Tips to Avoid Conflict of Interest Situations at Your Brokerage

The best advice to brokers to avoid conflicts of interest is to plan for it and ensure policies are in place before you’re facing a conflict of interest crisis. Your team must be well aware of your expectations when faced with a conflict of interest situation, so team training and awareness is particularly important. 

Remember also that perceived conflicts of interest can be just as damaging as actual conflicts of interest to your business and reputation. It’s always better to fully disclose everything in the interests of transparency. 

To protect yourself against potential lawsuits, be sure you have errors and omissions insurance designed especially for real estate professionals. CRES Real Estate E&O + ClaimPrevent® offers a legal advisory service you can access 7 days a week — so you can prevent legal issues before they become lawsuits.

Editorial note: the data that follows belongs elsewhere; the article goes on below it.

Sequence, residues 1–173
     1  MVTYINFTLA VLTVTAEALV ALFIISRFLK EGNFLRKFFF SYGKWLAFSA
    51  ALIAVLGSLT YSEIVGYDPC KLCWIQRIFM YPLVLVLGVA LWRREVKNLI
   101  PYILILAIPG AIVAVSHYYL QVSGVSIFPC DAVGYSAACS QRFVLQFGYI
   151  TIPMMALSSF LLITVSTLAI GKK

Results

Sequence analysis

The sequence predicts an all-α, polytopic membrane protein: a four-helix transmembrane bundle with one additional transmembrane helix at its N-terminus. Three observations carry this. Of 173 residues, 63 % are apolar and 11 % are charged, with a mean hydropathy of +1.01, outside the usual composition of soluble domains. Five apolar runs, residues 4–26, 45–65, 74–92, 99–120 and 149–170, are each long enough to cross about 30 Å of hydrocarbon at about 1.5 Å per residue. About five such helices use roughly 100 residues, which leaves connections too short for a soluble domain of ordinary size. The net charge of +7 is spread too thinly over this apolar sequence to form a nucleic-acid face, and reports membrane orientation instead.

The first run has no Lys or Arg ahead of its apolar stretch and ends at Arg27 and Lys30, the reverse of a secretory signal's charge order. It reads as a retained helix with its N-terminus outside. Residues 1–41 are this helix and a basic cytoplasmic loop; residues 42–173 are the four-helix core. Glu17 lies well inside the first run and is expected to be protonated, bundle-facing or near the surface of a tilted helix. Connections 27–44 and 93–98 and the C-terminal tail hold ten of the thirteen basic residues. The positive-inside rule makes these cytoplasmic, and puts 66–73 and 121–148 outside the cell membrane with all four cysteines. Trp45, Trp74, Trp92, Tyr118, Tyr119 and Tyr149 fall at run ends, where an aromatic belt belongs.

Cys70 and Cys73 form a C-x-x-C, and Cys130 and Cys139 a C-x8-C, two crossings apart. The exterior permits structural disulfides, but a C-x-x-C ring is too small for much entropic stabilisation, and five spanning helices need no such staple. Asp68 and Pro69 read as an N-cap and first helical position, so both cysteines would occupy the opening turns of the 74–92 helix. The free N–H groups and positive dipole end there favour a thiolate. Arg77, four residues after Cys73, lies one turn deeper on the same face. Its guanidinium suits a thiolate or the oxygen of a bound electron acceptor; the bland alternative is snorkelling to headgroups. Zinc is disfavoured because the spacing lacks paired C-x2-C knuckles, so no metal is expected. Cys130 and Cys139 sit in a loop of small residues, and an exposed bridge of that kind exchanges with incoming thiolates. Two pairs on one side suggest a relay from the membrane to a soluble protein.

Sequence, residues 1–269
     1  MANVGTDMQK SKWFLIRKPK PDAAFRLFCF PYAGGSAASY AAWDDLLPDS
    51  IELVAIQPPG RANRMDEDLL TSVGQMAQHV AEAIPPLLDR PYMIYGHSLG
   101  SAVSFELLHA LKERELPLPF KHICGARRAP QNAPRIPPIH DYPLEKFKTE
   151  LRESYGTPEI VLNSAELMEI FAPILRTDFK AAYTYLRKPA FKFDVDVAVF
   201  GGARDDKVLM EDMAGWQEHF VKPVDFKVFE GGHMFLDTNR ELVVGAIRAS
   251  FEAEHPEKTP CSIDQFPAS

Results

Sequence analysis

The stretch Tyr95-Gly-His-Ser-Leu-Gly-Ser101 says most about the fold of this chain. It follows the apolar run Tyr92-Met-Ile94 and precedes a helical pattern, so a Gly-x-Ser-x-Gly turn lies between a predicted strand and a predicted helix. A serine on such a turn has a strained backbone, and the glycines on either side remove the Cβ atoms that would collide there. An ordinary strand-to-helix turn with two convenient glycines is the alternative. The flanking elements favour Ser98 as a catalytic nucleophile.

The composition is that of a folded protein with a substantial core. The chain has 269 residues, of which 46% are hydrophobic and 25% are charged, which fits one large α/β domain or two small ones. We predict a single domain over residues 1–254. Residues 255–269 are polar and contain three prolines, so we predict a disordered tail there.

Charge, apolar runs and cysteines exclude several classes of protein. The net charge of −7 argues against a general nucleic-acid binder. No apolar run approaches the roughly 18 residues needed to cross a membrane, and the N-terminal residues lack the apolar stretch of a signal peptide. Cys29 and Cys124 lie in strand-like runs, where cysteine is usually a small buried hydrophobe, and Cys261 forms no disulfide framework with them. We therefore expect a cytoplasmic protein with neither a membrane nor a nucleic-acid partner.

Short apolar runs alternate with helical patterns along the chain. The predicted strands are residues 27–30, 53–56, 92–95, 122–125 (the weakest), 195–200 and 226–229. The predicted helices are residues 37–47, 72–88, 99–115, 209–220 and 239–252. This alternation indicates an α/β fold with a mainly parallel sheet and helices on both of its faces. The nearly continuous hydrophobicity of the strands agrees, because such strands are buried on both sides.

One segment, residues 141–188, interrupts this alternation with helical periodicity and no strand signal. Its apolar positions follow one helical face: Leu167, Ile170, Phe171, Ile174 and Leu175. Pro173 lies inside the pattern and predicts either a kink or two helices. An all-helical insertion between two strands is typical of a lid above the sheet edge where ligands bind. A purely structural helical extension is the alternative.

If you do decide to allow your agents to be a party to transactions where they have a personal interest, keep in mind that CRES can help with this too. CRES E&O policies can include a more comprehensive endorsement for agent-owned property that offers protection in these circumstances. Conditions do apply.

Contact CRES

Contact CRES at 800-880-2747 for a confidential discussion today. Our friendly team can tailor an insurance solution to suit your specific business needs. Team Coverage is also available.

This blog/website is made available by CRES Insurance Services for educational purposes to give you general information and understanding of legal risks and insurance options, not to provide specific legal advice. This blog/website should not be used as a substitute for competent legal advice from a licensed professional attorney in your state. Claims examples are for illustrative purposes only. Read your policy for a complete description of what is covered and excluded.

Originally Published April 29, 2020